As stated, I hate the act of being a wife. Not the act of preforming the tasks which fall under the traditional division of labour, but the fact that I am expected to be their chief sole doer. I grew up in a traditional household where my mother worked, looked after her two children, supported her husband and ran her house. I married into a very traditional culture much like the one I witnessed growing up, yet my husband will help me out if needed. He will make dinner, change a diaper, or take the garbage out which is unheard of in his culture – as he often reminds me, but he works to support the family and the deal is: he does the full-time work for the family outside and I do it inside. As far as deals go, it is not a bad one. He drives a cab and so during the tourist season works all hours without a break. Even in winter he works and will get up in the middle of the night to do a job. It is comparable to being up all night with a baby or toddler and probably more sleep disturbing because he has to get dressed, speed drink a coffee, go outside and stay alert driving people here and there. At least with a kid you can fall asleep on the couch with your boob out and wake up hours later wondering why you are half naked with a sleeping baby in your lap – it’s the warmer, less disturbing option for sure. So my problem is not about the division of labour being uneven or unfair. It is not about my husband never lifting a finger in the house or expecting me to wait on him hand and foot, although he can make ridiculous requests such as ‘Can you find me the cheese?’ when he is standing in front of the fridge and I am outside chopping wood, but that is another topic. It is not even about my not enjoying cooking, cleaning and child rearing because I actually do enjoy all of those things. I even go further, by making crafts with the baby, knitting her a blanket and teaching myself how to sew. I can happily put on the domestic goddess hat for my family, it suits me just fine, but I want to take it off once and awhile and perhaps this is the specific problem.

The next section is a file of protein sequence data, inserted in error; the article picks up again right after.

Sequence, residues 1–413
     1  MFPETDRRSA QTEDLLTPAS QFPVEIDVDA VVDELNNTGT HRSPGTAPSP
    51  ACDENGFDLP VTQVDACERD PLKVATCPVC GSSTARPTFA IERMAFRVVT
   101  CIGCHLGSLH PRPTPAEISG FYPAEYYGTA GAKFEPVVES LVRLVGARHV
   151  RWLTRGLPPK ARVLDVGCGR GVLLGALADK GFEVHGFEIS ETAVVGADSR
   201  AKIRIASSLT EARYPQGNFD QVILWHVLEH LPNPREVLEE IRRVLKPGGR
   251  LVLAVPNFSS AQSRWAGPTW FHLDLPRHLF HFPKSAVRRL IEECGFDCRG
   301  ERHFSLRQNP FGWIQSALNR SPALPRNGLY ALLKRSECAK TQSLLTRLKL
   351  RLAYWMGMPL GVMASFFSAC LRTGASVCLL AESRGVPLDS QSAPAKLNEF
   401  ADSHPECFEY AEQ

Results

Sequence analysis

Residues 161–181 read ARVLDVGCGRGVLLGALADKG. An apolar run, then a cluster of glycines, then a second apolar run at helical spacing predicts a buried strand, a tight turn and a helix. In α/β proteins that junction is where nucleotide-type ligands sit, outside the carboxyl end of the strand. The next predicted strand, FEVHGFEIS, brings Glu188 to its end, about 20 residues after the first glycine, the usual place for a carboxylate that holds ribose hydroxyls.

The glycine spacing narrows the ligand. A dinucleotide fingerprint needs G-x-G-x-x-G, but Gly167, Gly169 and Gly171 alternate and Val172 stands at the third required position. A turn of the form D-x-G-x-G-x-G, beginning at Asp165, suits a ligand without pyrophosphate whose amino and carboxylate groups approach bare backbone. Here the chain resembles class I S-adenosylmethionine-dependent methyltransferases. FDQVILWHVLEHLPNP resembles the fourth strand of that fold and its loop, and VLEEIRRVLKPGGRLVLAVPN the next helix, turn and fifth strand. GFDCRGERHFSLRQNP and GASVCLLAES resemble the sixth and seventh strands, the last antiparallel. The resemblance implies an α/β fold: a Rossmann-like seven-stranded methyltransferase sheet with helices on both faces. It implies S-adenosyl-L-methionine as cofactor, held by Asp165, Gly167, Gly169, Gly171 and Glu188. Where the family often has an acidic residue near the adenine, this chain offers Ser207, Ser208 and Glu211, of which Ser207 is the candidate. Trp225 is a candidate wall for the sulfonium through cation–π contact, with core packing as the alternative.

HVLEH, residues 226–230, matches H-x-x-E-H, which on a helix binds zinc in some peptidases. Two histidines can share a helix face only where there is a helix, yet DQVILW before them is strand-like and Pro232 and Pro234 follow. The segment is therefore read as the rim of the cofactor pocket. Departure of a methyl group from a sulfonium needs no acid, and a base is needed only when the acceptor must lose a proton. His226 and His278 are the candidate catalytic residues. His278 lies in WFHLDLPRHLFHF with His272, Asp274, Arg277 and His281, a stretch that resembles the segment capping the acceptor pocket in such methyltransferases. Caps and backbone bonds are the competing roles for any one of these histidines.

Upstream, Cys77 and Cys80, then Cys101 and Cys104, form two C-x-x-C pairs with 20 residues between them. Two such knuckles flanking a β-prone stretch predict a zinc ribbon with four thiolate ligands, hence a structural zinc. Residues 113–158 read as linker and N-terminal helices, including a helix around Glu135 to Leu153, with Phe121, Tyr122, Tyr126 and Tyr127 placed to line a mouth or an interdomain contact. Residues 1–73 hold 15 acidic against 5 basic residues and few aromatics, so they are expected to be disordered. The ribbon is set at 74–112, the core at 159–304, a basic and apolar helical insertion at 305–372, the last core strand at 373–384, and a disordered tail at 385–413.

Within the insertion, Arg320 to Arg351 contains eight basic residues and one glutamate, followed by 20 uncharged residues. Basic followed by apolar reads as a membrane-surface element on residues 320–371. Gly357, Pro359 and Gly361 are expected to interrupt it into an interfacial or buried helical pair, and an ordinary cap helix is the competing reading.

Sometimes, I do not feel like doing all of the things that I am required to do. Sometimes, I just want a day off and I cannot have one. I sometimes think that I left all of this jazz a little too late. I got used to being a single, working girl who only had herself to look after. The single girl could eat an avocado and a Guinness for dinner follow by 10 cigarettes and it was nobody’s business but now it is. She has two people who are dependent on her for three nutriuous meals a day. They are dependent on her for a clean and cosy house. They are dependent on her for love and attention. Their dependency doesn’t wane. It is not like when she used to go into work totally unmotivated or hung over and just blagged her way through the next 8 hours knowing that she would make up her work the next day. Her work cannot be put off until the next day; it is necessary and constant.